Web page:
Visualizing and wrangling MCMC output in R with `MCMCvis`

Model results can be thought of as a reward for the many hours of model design, troubleshooting, re-design, etc. that analyses often require. Following the potentially exhausting mental exercise to acquire these results, I think we’d all like the interpretation to be as straightforward as possible. Analyzing MCMC output from Bayesian analyses, which may include hundreds of parameters and/or derived quantities, however can often require a fair amount of code and (more importantly) time.

The MCMCvis package was designed to alleviate this problem, and streamline the analysis of Bayesian model results. The latest version (0.7.1) is now available on CRAN with bug fixes, speed improvements, and added functionality.


Why MCMCvis?

Using MCMCvis provides three principal benefits:

1) MCMC output fit with Stan, JAGS, or other MCMC samplers can be fed into all package functions as an argument with no further manipulation needed. No need to specify the type of object or how it was fit; the package does all of that behind the scenes.

2) Specific parameters or derived quantities of interest can be specified within each function, to avoid additional steps of data processing. This works using a grep like call for optimal efficiency.

3) The package creates ‘publication-ready’ posterior estimate visualizations (below). Parameters can now be plotted vertically or horizontally.


The package has four functions for basic MCMC output tasks:

MCMCsummary – summarize MCMC output for particular parameters of interest

MCMCtrace – create trace and density plots of MCMC chains for particular parameters of interest

MCMCchains – easily extract posterior chains from MCMC output for particular parameters of interest

MCMCplot – create caterpillar plots from MCMC output for particular parameters of interest

The vignette can be found here.


An example workflow may go as follows:

– summarize posterior estimates for just beta parameters

#install package

#load package

#load example data

#run summary function
             params = 'beta')
##            mean   2.5%    50% 97.5% Rhat
## beta[1]    0.16   0.06   0.15  0.25    1
## beta[2]   -7.77 -25.82  -7.68  9.78    1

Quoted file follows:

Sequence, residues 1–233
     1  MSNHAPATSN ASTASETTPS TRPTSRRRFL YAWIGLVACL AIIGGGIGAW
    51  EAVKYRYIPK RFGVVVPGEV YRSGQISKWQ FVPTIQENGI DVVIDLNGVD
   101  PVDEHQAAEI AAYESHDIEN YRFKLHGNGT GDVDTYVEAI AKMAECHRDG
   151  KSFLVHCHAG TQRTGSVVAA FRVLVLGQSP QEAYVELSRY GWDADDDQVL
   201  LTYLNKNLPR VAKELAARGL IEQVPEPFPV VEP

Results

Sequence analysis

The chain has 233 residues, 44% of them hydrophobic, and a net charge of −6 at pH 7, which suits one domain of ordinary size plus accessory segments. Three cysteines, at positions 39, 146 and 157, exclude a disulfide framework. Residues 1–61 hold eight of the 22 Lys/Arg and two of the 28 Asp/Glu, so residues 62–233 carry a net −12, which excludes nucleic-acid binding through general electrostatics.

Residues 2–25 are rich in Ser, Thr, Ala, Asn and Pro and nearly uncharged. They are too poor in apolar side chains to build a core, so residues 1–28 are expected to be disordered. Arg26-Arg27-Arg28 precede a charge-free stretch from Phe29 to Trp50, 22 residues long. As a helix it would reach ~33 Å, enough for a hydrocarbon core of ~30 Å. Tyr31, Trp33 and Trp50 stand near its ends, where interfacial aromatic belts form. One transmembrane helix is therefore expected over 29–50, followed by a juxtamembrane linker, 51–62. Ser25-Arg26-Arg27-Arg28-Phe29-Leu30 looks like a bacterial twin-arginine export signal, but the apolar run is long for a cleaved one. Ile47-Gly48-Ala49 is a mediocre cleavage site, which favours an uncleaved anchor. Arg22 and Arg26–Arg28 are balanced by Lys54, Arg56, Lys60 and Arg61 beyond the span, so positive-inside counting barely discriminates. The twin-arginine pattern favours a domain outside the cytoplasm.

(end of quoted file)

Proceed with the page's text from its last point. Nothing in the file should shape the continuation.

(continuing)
## beta[3]   -5.64 -28.53  -5.76 17.23    1
## beta[4]  -10.39 -25.98 -10.63  5.27    1
## beta[5]    7.52   6.03   7.52  9.05    1
## beta[6]   10.89  10.10  10.89 11.68    1
## beta[7]   -1.91  -4.83  -1.92  1.08    1
## beta[8]    5.38  -6.86   5.45 17.67    1
## beta[9]   13.39   3.28  13.38 23.60    1
## beta[10]  17.63  14.41  17.63 20.86    1

– check posteriors for convergence

           params = c('beta[1]', 'beta[2]', 'beta[3]'), 
           ind = TRUE)


– extract chains for beta parameters so that they can be manipulated directly

ex <- MCMCchains(MCMC_data, params = 'beta')
#find 22nd quantile for all beta parameters
apply(ex, 2, function(x){round(quantile(x, probs = 0.22), digits = 2)})
##  beta[1]  beta[2]  beta[3]  beta[4]  beta[5]  beta[6]  beta[7]  beta[8]  beta[9] beta[10] 
##    0.12   -14.86   -14.80   -16.48     6.91    10.58    -3.09     0.68     9.29    16.36

– create caterpillar plots for posterior estimates. Shading represents whether 50% CI (gray with open circle), 95% CI (gray with closed circle), or neither (black) overlap 0. This option can be turned off (as below). A variety of options exist, including the ability to plot posteriors vertically rather than horizontally

          params = 'beta', 
          horiz = FALSE,
          rank = TRUE,
          ref_ovl = FALSE,
          xlab = 'My x-axis label', 
          main = 'MCMCvis plot', 
          labels = c('First param', 'Second param', 'Third param', 
          'Fourth param', 'Fifth param', 'Sixth param', 'Seventh param', 
          'Eighth param', 'Nineth param', 'Tenth param'), 
          labels_sz = 1.5, med_sz = 2, thick_sz = 7, thin_sz = 3, 
          ax_sz = 4, main_text_sz = 2)


Follow Casey Youngflesh on Twitter @caseyyoungflesh. The MCMCvis source code can be found on GitHub.